For many people, this time of year is quite stressful and can lead to occasional sleeping issues; be it difficulty falling asleep or frequent or early waking. And as we all know lack of sleep can make you feel pretty terrible. It’s hard to concentrate, make decisions and cope with small setbacks that would otherwise be manageable and you reach for comfort food to give yourself a boost because you just feel too tired to cook from fresh. These habits keep you in a poor sleep-exhaustion cycle.
If you wake up during the night or very early it could be related to a drop in your blood sugars in the night, or other changes in your normal eating patterns and daily routines.
Eat to improve your sleep
- Balance blood sugars – If you wake up due to blood sugar falling, often after drinking alcohol, it might help to ditch the simple carbohydrates (white bread, white pasta, potatoes, white rice) at your evening meal and replace them with complex carbohydrates (think sweet potato, wholemeal pasta). It may also help to eat a small protein and carbohydrate snack an hour before bed such as 10 almonds and 10 grapes to maintain consistent blood glucose and stop that dip that might wake you up.
- Build up your hormones – Serotonin helps to us to get to sleep by producing melatonin, our sleep hormone. To make enough serotonin we need tryptophan rich foods such as turkey, eggs, pulses or bananas. Also get some daylight during the day with a walk outside if you can, to help reset your circadian rhythm.
- Ensure adequate magnesium intake – Some studies have shown that taking a magnesium supplement can help reduce night time waking, early morning waking and improve how refreshed you feel in the morning. Magnesium is essential for muscle relaxation and can help you wind down and it is depleted by alcohol. Include magnesium rich foods during the day like leafy green vegetables such as spinach, chard, coriander; seeds like pumpkin, sunflower and sesame seeds; quinoa, cashew nuts and black beans.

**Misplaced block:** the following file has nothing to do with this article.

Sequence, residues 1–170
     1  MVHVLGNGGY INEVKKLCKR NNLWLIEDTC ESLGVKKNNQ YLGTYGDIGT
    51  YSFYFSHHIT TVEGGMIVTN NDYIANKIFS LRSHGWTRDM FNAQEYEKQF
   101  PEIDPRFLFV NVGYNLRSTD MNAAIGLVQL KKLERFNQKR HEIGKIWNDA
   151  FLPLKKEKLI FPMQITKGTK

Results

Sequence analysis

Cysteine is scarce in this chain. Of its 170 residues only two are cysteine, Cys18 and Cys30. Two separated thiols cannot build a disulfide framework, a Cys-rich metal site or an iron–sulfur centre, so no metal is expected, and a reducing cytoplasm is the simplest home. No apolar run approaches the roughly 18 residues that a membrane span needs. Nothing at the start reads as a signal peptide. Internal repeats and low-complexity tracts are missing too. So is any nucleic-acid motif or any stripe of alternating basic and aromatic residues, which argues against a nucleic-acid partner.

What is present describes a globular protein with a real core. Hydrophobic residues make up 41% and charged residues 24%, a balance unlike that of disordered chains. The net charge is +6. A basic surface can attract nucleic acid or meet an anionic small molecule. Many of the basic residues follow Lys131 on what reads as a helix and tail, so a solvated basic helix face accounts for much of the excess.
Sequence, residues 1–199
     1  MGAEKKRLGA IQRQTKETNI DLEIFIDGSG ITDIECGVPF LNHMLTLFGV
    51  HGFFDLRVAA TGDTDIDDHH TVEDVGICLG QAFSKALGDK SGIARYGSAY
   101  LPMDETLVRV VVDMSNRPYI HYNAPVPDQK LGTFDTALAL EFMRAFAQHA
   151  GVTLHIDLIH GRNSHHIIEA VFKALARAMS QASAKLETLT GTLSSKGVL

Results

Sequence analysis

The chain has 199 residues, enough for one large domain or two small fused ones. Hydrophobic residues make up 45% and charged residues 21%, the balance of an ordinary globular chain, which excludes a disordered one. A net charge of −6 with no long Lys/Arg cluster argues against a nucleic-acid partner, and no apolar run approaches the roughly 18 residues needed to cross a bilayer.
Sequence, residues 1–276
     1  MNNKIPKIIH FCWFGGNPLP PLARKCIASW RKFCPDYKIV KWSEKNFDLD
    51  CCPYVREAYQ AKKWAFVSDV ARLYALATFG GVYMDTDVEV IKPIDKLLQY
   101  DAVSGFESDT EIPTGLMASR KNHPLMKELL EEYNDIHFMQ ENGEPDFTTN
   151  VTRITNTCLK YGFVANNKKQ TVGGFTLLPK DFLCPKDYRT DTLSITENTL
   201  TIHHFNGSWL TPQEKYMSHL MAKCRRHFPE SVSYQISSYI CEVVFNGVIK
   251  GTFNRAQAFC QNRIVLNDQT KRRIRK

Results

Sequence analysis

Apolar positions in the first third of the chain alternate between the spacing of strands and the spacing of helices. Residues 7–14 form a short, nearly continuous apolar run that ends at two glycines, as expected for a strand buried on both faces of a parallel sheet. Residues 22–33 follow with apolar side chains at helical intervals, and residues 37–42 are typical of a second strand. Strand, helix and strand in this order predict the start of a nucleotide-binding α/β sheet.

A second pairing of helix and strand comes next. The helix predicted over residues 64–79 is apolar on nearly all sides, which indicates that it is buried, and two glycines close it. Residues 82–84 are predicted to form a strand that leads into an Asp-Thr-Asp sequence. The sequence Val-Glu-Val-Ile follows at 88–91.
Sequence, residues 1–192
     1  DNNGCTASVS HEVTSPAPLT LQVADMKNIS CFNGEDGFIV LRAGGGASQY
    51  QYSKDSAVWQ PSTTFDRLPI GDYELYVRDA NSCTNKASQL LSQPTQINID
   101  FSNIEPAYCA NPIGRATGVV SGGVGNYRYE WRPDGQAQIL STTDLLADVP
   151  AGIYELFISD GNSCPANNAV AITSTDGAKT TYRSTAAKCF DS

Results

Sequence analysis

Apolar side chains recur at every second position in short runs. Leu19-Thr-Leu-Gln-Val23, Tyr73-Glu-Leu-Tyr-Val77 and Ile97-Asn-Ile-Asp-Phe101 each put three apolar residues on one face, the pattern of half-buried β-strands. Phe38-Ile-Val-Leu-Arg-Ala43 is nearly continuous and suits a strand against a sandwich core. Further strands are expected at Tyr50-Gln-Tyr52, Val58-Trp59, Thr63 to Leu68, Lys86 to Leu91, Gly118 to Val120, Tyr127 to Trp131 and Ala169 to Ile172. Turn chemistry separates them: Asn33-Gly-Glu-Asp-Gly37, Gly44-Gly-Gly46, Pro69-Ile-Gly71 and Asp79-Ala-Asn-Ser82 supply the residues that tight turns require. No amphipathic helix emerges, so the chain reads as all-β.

Tips For Better Sleep
- Avoid any stimulants such as caffeine from at least 6 hours before going to bed.
- Limit refined sugars. Also avoid heavy meals late at night because you’ll be digesting as you sleep and you need to give your digestive system a rest.
- Make sure your room is warm but not hot and keep your bedroom well ventilated. Keep lights as low as possible and making sure the room is as quiet and dark as you can make it. Close any gaps in the curtains, try blackout blinds or use an eye mask. This is because light supresses melatonin production, and if our circadian rhythms are knocked out it can affect sleep times and quality.
- Try different relaxation techniques to find something that suits you – either deep breathing exercises, relaxation apps like Headspace, reading a book or journal writing.
- Avoid blue screens, including smart phones and tablets, for two hours before bed to help stop the light disrupting your melatonin production. Even if you use f.lux on your PC or change the light settings on your Apple device, the light can still disrupt your sleep patterns.
- Use aromatherapy oils such as lavender and chamomile in the room and in warm baths.
Have a fabulous festive time everyone and ‘see’ you all again in the New Year x